10A.4 Using Anomalies to Forecast High Impact Events

Wednesday, 1 July 2015: 2:15 PM
Salon A-2 (Hilton Chicago)
David Beachler, NOAA/NWSFO, Romeoville, IL; and R. Grumm

Forecasting high impact weather events continues to be one of the greatest challenges and one of the most valuable roles of weather forecasting. The use of climatological data and internal model climatological data with Numerical Weather Prediction (NWP) provides the ability to identify forecasts of both meteorologically and climatologically significant weather events. Significant departures from normal in the model and climate space can help identify a range of high impact weather events.

This paper will show how the use of climate data with numerical guidance aided in identifying a range of high impact weather events. The focus is on weather events in the Great Lakes region. Climate forecast system and NCEP model data is compared to the 21-day centered means and standard deviations using standardized anomalies.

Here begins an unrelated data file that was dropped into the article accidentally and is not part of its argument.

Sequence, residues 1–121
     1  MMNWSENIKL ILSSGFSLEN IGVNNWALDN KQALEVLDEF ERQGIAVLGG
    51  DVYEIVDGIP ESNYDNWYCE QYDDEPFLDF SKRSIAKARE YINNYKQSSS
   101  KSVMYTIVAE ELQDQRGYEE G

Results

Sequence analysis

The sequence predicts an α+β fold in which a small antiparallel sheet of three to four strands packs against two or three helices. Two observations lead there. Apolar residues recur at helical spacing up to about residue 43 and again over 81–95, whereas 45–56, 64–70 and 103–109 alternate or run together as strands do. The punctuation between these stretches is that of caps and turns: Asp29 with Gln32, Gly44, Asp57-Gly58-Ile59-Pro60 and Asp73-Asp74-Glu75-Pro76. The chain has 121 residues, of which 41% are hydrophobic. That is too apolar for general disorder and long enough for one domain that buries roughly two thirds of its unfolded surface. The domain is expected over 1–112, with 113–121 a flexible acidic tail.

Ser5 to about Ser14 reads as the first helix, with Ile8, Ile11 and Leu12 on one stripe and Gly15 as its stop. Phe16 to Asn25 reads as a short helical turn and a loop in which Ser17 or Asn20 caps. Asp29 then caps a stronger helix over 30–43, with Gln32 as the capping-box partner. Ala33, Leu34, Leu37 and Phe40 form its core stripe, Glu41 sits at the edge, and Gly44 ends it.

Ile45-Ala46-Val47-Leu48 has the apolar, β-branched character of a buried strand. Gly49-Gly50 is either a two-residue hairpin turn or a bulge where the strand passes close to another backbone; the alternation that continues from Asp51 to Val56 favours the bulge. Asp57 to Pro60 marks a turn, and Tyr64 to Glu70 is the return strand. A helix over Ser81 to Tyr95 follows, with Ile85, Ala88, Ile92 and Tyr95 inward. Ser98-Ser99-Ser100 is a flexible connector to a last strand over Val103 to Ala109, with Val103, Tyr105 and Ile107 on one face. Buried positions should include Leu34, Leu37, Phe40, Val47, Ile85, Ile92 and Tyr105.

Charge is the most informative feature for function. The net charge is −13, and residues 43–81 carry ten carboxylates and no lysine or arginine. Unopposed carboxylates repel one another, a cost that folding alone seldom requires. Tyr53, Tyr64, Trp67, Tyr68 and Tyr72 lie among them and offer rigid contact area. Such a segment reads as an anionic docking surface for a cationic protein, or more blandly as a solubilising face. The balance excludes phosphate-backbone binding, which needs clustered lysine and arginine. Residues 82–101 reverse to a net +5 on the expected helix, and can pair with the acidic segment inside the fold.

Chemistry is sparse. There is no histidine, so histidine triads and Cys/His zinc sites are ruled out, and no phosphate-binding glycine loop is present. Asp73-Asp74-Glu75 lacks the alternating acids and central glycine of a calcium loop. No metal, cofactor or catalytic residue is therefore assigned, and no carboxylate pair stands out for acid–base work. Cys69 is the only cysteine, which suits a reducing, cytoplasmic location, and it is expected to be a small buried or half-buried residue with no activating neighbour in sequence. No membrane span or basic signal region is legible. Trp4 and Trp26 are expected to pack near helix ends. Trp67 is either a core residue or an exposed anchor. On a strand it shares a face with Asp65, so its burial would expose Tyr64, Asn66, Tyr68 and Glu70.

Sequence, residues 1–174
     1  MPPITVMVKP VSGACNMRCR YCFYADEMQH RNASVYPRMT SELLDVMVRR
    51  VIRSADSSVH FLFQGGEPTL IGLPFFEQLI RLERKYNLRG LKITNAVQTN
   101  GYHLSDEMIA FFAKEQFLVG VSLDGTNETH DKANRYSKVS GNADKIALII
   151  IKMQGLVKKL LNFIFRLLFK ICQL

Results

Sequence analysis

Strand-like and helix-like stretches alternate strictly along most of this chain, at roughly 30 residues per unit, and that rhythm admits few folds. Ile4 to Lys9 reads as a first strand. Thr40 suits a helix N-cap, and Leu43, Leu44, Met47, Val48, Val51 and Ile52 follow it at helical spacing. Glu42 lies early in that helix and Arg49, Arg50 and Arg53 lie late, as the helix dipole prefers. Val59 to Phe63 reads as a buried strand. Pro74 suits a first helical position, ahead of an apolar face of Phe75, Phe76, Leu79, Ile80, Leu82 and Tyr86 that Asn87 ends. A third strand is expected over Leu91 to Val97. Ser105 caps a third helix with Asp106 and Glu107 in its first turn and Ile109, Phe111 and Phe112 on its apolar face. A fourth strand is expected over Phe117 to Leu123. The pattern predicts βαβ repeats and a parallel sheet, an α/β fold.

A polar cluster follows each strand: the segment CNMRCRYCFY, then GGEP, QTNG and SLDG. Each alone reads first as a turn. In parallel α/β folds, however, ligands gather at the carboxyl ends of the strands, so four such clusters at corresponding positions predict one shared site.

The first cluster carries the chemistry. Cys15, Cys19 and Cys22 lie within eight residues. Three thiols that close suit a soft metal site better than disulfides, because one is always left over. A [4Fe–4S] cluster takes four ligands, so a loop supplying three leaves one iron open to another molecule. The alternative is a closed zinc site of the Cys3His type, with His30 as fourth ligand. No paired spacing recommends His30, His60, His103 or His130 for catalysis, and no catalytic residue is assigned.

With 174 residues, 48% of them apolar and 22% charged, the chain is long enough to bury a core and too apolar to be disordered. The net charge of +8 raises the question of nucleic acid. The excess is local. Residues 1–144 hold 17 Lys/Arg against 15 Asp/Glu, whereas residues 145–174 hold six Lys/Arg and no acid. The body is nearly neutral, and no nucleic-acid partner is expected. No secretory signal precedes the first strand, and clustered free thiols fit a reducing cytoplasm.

Two historic winter storms from the winter of 2011, the events of 31 January 2011 and 2 February are examined. These data show that there were clear signals in the low-level easterly wind and pressure anomalies indicating a potential high impact winter storm. This approach is also applied to the 17-23 July 2010 flooding event in the western Great Lakes. During this event, a large subtropical ridge brought a plume of anomalously high moisture into the region during the flood episode. The anomalies in the precipitable water field showed the strong surge of moisture within the well-recognized “ring-of-fire” return flow around the subtropical ridge.

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